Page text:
Although it's possible to work abroad with out experience,I think
    it wouldnt be too bad serving your fellowmen at home first even just for a while ....in that way,you won't find yourself asking how does it feel nursing in Philippines once you get your retirement...
    Why hurry?
  12. Visit  Rep profile page
    0
    Quote from belot97
    First............................................. .................................................. ...........It's always a good thing to carry with you that confidence at work.
    Although it's possible to work abroad with out experience,I think
    it wouldnt be too bad serving your fellowmen at home first even just for a while ....in that way,you won't find yourself asking how does it feel nursing in Philippines once you get your retirement...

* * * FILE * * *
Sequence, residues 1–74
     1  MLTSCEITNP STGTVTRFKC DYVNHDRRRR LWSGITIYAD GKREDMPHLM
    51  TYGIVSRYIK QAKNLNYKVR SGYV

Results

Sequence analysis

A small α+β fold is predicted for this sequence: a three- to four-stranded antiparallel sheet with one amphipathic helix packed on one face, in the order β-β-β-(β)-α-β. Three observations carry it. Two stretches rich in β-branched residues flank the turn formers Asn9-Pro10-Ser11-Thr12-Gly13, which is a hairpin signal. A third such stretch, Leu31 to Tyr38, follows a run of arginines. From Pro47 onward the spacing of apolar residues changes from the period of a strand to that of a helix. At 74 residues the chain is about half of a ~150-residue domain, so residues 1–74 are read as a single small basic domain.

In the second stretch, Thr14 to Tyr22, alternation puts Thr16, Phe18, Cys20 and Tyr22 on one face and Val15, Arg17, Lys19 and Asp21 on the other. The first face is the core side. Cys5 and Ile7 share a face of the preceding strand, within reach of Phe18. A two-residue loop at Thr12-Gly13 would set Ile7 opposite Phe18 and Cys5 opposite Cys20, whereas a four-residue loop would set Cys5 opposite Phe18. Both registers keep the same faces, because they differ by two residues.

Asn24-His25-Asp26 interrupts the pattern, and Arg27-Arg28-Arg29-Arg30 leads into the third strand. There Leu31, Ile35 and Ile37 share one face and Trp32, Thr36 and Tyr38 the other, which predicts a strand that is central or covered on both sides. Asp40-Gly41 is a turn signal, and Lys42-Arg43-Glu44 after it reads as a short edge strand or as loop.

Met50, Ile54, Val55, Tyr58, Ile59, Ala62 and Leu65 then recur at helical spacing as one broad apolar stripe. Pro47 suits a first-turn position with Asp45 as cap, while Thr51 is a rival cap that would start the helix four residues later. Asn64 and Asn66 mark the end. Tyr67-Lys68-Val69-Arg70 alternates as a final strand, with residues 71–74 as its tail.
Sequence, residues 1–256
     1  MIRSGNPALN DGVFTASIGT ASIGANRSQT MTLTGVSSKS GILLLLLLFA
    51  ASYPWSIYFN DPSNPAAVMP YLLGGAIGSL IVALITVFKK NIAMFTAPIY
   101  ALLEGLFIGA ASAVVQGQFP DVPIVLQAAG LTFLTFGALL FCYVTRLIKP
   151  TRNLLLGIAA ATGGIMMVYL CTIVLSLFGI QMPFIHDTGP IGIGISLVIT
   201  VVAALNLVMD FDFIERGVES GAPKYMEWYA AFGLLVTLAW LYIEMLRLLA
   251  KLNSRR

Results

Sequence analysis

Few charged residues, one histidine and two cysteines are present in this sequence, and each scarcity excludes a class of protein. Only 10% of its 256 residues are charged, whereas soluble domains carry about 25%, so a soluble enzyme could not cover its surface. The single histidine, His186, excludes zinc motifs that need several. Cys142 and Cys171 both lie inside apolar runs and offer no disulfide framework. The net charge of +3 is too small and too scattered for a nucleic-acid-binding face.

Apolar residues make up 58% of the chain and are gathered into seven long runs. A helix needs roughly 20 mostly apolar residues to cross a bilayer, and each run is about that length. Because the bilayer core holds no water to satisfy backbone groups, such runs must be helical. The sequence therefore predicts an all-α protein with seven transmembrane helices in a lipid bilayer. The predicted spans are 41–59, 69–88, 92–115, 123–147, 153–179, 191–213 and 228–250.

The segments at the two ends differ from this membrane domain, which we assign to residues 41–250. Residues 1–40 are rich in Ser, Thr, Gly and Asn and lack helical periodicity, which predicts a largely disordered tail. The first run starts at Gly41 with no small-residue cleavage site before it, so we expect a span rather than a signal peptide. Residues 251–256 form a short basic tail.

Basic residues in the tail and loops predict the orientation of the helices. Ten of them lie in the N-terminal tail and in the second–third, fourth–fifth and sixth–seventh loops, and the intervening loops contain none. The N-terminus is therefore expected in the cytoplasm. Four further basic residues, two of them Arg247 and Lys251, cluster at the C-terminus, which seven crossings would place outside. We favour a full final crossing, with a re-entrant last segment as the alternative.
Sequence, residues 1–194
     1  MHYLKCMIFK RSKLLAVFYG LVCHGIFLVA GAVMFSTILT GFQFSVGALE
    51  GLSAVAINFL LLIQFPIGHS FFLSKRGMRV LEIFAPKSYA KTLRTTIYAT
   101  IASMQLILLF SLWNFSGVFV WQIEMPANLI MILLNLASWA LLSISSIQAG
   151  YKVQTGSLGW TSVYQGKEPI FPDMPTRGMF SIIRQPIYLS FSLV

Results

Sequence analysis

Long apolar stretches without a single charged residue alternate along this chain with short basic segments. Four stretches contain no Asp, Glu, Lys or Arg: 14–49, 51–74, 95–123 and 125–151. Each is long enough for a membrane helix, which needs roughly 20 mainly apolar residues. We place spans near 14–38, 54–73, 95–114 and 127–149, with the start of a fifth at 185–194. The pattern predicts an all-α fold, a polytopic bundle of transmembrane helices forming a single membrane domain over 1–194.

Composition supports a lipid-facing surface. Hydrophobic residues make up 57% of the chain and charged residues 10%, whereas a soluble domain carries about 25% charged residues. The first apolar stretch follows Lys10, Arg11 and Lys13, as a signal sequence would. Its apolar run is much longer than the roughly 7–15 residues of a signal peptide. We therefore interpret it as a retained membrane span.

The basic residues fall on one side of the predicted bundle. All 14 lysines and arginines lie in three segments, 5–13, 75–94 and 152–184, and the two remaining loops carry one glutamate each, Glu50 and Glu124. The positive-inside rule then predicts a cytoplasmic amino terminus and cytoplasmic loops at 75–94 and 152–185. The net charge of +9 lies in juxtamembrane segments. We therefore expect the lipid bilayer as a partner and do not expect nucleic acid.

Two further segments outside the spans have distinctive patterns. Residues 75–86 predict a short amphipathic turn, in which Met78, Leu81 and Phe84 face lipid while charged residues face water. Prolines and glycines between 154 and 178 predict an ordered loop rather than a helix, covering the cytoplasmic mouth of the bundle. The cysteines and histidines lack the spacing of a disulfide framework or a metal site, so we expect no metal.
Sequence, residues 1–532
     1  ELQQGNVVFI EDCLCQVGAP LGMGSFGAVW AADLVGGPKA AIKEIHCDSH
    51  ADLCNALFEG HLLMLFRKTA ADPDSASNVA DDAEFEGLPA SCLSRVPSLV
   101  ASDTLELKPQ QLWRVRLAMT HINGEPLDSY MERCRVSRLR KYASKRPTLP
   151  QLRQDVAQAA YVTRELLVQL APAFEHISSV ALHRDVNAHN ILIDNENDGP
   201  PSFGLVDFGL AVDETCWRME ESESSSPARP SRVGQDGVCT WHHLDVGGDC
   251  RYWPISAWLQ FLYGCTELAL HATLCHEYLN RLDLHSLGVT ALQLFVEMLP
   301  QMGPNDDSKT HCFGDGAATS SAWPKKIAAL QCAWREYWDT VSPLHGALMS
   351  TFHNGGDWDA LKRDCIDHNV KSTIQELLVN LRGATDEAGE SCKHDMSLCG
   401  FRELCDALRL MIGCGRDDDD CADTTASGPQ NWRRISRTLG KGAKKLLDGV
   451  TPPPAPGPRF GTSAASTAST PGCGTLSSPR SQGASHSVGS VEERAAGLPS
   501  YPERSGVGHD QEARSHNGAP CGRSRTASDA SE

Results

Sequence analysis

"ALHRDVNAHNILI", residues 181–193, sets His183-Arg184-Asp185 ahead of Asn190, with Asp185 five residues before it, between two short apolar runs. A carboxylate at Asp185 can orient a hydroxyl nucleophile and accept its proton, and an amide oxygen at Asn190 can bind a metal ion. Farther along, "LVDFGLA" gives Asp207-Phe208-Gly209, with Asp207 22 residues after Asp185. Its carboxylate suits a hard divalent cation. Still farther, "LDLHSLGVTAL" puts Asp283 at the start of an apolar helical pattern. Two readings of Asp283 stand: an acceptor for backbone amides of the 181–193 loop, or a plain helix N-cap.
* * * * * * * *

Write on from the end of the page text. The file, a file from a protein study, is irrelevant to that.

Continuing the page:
Why hurry?
    I volunteered for more than a year and though I did not regret it I find it that hospital, a private one, took advantage of us, volunteer nurses. They knew we wanted to have experience and they took us so they can fully staff their floors. Some of the private floors were run by volunteer nurses, they could just have paid us or give us allowance. But they did not because nurses are a dime a dozen. Just to volunteeer we had to pass a nursing exam given by them and the waiting list to get into a volunteer position was long.

    I would not advice somebody here to volunteer. If one wants to work abroad, alot of positions do not require experience. Check the ads in the Manila Bulletin.
    Last edit by Rep on Dec 1, '06
  13. Visit  RNHawaii34 profile page
    0
    Quote from belot97
    first............................................. .................................................. ...........it's always a good thing to carry with you that confidence at work.
    although it's possible to work abroad with out experience,i think